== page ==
Who do you mean by "them"? People who insisted that Hancock did not represent what he was doing as science? If you don't recall those engagements or confrontations, I recommend that you read through that debate again. You have missed something and I am not going to go and do your homework for you.

        As for cowardice, I think that term is better applied to individuals who hide behind pseudonyms. My identity has been quite open from the very beginning of my participation. That's not cowardice.
        • Apr 6 2013: Your criticism was in reply to my referral of the Hancock site, but equally applies to Sheldrake. You repeatedly defended TED's actions despite their inability to engage in open debate with either party. That's what I find disagreeable.
        • Apr 6 2013: John, you didn't confront anything. You talked about all manner of irrelevant stuff and when you made the odd foray into talking about the actual talk everything you said was wrong.
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        Apr 6 2013: I disagree and I think you're wrong. However, the burden of proof is on you to make your case.

        Fallacy - Burden of Proof
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        Apr 6 2013: No, you haven't and no, it's not.
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        Apr 6 2013: Prove what?
    • Apr 6 2013: I agree with TED on one point. If the science board were public they could be subjected to pressures by interest groups and possible consequences to them personally could bias their results. That's a fair point. However, at some point, the reasoning itself has to be transparent.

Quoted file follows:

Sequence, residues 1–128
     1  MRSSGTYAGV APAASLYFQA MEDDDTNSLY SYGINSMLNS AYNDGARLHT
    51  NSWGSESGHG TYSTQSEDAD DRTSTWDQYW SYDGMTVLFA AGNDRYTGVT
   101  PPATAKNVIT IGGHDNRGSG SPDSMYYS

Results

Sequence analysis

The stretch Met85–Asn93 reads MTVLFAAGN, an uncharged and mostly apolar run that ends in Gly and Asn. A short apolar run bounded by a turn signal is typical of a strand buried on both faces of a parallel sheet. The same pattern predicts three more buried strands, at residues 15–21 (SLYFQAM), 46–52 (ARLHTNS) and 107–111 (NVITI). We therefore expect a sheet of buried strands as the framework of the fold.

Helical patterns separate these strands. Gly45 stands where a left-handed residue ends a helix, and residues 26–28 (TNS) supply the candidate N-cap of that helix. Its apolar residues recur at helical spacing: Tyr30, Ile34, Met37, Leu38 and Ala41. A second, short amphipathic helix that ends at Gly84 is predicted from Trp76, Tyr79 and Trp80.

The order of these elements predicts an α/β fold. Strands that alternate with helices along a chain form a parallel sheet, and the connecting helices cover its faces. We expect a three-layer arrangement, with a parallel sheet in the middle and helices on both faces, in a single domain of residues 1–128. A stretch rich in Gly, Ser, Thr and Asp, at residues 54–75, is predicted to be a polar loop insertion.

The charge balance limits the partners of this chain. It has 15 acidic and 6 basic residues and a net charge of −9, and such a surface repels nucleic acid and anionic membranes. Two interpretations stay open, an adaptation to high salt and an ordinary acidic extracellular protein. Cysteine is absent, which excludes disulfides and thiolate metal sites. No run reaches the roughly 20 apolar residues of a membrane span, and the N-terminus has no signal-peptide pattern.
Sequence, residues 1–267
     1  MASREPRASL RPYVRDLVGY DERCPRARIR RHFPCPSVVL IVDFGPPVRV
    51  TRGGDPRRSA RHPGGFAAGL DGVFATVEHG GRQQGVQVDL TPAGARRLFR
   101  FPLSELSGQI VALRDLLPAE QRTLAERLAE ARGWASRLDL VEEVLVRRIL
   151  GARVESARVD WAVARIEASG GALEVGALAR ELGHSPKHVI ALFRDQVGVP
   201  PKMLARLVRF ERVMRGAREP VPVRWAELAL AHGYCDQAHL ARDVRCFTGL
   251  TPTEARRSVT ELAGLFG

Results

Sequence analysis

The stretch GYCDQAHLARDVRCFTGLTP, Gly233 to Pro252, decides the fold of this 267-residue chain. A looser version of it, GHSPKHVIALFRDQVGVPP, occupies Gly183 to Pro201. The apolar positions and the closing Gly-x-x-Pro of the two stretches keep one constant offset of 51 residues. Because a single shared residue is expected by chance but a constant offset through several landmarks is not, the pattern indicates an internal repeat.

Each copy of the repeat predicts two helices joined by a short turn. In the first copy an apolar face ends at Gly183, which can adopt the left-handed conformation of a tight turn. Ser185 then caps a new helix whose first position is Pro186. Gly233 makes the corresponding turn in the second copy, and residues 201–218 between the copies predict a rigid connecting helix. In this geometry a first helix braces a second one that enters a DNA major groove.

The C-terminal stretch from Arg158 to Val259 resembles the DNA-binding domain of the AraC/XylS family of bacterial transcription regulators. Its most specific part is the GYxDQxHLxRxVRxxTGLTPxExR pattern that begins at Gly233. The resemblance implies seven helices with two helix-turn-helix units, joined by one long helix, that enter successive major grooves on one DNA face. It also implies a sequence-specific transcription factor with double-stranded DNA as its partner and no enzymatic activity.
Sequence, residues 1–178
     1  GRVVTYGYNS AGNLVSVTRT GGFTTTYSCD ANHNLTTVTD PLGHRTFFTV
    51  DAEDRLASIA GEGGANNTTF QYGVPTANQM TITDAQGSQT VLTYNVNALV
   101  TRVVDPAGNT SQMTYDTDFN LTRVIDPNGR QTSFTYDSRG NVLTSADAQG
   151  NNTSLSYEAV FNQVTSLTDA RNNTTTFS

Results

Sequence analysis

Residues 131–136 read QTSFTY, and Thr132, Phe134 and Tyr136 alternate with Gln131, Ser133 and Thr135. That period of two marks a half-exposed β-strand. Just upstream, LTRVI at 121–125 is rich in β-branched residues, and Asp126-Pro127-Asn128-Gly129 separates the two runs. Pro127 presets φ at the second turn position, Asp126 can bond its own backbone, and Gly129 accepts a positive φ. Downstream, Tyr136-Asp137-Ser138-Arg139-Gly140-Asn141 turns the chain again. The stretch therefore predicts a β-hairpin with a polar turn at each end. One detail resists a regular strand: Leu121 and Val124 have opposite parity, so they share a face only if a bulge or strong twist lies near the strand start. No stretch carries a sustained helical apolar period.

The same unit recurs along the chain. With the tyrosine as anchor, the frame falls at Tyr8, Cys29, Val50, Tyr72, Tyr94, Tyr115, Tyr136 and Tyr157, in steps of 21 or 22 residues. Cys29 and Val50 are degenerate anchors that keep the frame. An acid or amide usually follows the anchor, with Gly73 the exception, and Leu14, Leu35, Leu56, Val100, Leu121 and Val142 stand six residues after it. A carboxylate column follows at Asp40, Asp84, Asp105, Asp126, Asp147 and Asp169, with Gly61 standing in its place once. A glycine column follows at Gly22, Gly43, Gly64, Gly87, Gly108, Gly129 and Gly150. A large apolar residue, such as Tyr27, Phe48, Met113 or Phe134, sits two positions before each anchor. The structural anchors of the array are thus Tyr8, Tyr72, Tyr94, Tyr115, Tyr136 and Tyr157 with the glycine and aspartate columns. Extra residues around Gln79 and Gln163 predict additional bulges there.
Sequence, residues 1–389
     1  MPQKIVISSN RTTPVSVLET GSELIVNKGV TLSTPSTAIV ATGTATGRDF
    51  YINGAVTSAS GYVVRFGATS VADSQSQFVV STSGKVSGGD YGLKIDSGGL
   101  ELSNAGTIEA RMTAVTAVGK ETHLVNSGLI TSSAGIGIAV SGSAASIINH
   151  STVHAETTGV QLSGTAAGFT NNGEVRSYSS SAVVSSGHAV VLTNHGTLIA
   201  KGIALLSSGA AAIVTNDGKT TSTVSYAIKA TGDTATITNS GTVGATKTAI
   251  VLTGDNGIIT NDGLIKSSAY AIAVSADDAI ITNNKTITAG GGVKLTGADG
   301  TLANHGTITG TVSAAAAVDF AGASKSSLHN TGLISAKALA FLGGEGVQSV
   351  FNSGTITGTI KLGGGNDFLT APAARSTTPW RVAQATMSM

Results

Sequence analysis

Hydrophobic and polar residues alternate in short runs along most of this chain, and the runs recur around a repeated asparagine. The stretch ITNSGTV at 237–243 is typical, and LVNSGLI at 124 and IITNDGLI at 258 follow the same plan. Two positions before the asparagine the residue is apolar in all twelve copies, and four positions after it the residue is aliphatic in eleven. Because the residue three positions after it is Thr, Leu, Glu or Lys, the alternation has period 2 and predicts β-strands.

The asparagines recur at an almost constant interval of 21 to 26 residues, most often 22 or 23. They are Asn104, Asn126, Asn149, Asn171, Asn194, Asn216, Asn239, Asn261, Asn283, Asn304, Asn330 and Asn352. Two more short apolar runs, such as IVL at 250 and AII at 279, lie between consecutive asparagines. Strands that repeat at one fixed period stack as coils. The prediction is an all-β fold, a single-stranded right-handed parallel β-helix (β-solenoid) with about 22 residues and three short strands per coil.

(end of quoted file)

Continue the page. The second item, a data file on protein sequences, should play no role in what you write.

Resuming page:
TED also claims that it isn't the science board that makes the decisions -- that they function in an advisory capacity and TED makes the decisions. Why, then, is TED so incapable of articulating their own reasons for these decisions. I think if you make a decision that results in so many people wasting time and money -- whether it's to speak for free or to spend a year setting up an event -- TED should at least be able to explain its own reasoning for pulling the plug.
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      Apr 6 2013: Adrian writes, "Your criticism was in reply to my referral of the Hancock site, but equally applies to Sheldrake. You repeatedly defended TED's actions despite their inability to engage in open debate with either party. That's what I find disagreeable."

      Your premise is incorrect. TEDx was not unable to engage in open debate. They chose not to.

      You're certainly entitled to your opinion, Adrian. Everyone's got one. However, please don't misrepresent the facts. You may find my own opinions disagreeable, but please don't insinuate cowardice when it's not there.
      • Apr 6 2013: TED was unable inasmuch as every word they said had to be crossed out. If they had great arguments waiting in the wings then it's unclear why they held them back (are still holding them back) rather than just deploy them. The problem being that anyone can claim to have devastating arguments at their disposal which they may unleash one day or other.
        • Apr 6 2013: Unable or unwilling -- which is worse? I'm at a loss, either way. That TED thinks they don't have to validate such drastic actions is an insult to anyone who put time, energy, let alone money into building their "brand" over the years.

          All they do is co-opt other peoples' ideas without paying them anyway. And now we know that the emperor has no clothes -- certainly no ability to assess those ideas without Jerry Coyne telling them what to think.